*Indeed, though, it’s like I am condoning teenage motherhood; I guess I should state that she’ll technically be a yearling when she delivers.  Not a teenager, then, but definitely a young mom…!

7 responses to “On the dairy calendar

  1. Those kids are adorable. What do you do with bucks?

    • I had them neutered/dehorned then traded all three of them for Cricket! Three boys equal a girl in the goat world. 🙂

      Oh but to answer your question more specifically, Daedre, they got eaten.

  2. It took me a minute to get your joke but then I did laugh. I think it’s pretty neat that you have goat girls.

    Have you heard of the Henry milker? Might make things easier and cleaner.


  3. Love the picture of Cricket. Did she come with that name, or did you give it to her? I dream of one day having goats, but much work would need to be done here before we’d be ready for them, not least of all negotiating the zoning regs in our township.

  4. i love hearing about your goats! living vicariously and all that. we were just at mattawan artisan creamery today, helping out with kidding. didn’t see any actual births this time, but my girls and i got to feed eight bouncing babies, including one preemie (4 lbs. at birth) and one giant (11 lbs. at birth!).

    one of these years, i’ll quit being lazy and get myself those goats i’m longing for. it’s the daily milking that’s holding me back thus far.

  5. Daedre, hope that answered your question. We were fortunate enough to make a trade.

    Paula, thanks for the milk machine link. Nice and small. I’ll probably always milk by hand, it’s a lot faster than washing out a machine. However if I had 3 goats or more, a machine might be the way to go, especially something low-tech like that.

    Hiya Kate. Cricket was the name our daughter came up with. Well, for sheer volume of poop alone, they’re worth their weight in gold I think. Seriously. You know how I bitch about my crappy clay soils. I can’t complain any more with the volume of compost I am now able to make. You know, they’re a lot of fun. Those little ones might work for a lot size like yours, and there are plenty of folks who blog about owning little goats so if you ever do get through the flaming-hoop process of getting that law changed, that might be the way to go.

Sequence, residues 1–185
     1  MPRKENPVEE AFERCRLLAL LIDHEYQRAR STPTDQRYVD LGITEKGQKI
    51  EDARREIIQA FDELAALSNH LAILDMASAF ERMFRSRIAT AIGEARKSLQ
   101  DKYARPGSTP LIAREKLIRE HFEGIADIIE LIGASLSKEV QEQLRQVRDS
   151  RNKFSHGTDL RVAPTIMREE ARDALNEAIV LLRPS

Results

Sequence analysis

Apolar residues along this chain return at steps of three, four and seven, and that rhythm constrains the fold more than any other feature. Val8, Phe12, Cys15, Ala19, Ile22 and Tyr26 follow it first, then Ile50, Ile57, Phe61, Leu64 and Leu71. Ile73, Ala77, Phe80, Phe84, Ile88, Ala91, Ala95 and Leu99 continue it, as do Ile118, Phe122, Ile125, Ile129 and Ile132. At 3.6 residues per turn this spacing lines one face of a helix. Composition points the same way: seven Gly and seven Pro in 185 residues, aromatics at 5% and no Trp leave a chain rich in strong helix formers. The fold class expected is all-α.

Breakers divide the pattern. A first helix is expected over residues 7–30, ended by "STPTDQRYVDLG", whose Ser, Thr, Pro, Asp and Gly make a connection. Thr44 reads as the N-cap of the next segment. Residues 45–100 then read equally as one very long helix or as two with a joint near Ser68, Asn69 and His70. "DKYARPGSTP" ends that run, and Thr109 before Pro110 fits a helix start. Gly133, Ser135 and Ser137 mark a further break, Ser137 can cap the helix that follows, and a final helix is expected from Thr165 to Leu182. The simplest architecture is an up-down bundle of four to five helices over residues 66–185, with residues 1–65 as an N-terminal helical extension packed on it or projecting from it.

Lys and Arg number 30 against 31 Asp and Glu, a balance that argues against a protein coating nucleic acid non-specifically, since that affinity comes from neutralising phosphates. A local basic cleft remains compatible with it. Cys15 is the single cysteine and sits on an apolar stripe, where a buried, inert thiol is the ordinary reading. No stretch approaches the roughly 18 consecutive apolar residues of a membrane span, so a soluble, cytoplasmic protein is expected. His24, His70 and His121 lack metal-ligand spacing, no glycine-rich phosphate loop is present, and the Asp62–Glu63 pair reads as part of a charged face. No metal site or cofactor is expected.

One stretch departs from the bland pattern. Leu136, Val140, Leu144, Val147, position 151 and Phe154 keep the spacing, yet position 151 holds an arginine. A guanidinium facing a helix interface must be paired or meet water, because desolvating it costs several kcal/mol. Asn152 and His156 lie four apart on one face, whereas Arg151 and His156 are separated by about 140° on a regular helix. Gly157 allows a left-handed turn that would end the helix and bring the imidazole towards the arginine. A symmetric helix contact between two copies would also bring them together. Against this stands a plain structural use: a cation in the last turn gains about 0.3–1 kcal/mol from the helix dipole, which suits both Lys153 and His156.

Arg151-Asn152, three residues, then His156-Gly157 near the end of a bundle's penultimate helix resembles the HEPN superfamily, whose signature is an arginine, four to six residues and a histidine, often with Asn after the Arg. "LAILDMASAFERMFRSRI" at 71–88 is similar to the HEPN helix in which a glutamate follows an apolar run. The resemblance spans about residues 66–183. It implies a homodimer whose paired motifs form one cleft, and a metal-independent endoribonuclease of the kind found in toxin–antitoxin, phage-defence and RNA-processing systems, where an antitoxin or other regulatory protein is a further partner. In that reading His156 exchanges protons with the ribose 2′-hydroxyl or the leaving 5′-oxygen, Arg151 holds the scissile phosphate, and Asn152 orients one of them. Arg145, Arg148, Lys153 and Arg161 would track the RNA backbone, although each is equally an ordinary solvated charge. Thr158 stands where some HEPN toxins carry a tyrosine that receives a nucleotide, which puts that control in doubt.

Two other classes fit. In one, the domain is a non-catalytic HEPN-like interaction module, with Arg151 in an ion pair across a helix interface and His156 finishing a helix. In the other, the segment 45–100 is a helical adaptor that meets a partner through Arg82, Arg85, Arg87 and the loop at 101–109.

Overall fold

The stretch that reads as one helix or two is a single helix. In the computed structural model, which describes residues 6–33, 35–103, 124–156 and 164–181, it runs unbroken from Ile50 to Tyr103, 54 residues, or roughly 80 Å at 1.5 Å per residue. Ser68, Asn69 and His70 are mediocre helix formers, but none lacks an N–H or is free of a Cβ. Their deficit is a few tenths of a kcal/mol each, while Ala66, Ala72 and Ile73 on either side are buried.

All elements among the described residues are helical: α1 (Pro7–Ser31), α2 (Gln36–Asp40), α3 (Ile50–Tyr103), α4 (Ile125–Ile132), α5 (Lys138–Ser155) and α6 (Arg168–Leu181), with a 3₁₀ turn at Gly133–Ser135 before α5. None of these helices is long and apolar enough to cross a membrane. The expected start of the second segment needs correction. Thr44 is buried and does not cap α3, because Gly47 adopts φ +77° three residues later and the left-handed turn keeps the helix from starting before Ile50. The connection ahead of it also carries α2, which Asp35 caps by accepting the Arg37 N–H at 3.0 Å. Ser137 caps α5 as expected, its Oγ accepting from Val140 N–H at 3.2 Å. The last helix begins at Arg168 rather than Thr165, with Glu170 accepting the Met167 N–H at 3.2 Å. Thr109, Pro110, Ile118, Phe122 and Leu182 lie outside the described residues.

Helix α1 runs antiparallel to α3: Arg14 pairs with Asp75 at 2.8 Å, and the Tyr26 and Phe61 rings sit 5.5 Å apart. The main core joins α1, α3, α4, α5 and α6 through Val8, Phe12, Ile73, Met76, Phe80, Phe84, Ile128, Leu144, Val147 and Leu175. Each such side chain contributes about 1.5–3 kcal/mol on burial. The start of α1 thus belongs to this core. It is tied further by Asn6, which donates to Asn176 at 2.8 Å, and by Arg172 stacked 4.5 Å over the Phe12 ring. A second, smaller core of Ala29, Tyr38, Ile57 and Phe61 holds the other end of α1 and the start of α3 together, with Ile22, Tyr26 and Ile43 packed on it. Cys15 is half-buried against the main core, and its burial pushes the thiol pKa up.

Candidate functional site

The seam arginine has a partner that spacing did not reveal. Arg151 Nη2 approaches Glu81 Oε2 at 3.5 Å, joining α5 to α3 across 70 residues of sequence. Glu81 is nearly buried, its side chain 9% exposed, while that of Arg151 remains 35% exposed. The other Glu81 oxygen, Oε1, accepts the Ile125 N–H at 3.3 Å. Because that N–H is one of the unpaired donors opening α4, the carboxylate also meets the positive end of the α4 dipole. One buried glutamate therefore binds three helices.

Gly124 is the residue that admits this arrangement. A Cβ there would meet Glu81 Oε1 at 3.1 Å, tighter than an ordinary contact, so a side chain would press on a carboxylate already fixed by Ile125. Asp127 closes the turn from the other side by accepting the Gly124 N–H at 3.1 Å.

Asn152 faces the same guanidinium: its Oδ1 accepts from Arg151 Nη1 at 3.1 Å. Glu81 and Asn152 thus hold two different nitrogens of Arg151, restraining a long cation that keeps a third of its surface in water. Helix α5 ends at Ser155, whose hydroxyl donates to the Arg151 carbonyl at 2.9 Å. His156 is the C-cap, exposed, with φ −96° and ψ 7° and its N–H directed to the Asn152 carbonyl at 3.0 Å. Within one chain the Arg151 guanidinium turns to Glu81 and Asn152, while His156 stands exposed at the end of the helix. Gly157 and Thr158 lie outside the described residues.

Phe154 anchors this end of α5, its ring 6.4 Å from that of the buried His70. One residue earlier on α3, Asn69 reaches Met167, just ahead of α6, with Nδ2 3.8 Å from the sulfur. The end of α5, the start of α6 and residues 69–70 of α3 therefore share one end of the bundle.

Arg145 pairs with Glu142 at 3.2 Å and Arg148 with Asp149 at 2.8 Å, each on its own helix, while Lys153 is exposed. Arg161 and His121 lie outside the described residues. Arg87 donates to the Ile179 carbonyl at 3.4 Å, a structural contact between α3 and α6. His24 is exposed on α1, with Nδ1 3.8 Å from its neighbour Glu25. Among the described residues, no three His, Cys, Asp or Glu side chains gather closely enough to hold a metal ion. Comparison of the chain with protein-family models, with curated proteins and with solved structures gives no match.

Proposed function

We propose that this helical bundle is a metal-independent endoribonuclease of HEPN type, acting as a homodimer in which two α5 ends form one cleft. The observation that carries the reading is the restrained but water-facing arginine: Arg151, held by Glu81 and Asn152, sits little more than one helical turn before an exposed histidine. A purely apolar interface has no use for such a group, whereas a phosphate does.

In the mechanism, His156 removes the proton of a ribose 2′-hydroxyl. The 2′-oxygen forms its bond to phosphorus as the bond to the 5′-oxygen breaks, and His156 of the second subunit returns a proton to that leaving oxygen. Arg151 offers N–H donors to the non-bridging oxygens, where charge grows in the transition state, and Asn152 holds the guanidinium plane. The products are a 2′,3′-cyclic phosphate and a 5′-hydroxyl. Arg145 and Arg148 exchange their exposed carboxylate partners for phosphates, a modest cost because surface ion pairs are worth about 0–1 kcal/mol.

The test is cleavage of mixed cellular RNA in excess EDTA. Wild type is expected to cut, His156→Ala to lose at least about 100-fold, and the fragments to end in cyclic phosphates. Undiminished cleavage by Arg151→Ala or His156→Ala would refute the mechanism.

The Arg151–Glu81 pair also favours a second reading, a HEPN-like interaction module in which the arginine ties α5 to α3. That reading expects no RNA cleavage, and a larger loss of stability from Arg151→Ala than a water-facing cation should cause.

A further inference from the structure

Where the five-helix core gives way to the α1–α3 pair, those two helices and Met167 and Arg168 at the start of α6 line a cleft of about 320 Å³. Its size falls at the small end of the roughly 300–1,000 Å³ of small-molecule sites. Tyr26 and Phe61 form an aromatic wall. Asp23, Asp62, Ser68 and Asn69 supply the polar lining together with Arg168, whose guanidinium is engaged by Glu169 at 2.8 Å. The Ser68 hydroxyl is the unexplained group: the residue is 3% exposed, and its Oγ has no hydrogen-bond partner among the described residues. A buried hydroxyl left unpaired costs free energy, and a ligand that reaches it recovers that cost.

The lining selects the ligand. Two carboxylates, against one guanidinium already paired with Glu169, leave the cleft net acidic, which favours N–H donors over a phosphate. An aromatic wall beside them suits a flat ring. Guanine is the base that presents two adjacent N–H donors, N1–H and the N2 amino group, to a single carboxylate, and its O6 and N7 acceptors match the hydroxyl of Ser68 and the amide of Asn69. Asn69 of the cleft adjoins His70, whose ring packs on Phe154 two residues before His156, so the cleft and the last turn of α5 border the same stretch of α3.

Serina! Okay, here we go: do you know how long it takes me to milk and filter and clean up every morning? A half hour. It’s MY half hour, sacrosanct, me and the goats and the bucket and the radio. What I find takes me more time is what to do with the milk. So chevre once a week (about an hour of active time), yogurt once a week (same), kefir (10 minutes) and one wild labor-intensive cheese (1-3 hours) and there you go, that becomes a lot of time per week. HOWEVER, it’s time well spent. You’ve got lots of mouths to feed, and I know they’ll probably love cheese, so I hope you can rent some goats from Anne sometime. That would be great.

  6. Cricket is adorable, what a great shot!

Leave a Reply

Fill in your details below or click an icon to log in:

WordPress.com Logo

You are commenting using your WordPress.com account. Log Out /  Change )

Facebook photo

You are commenting using your Facebook account. Log Out /  Change )

Connecting to %s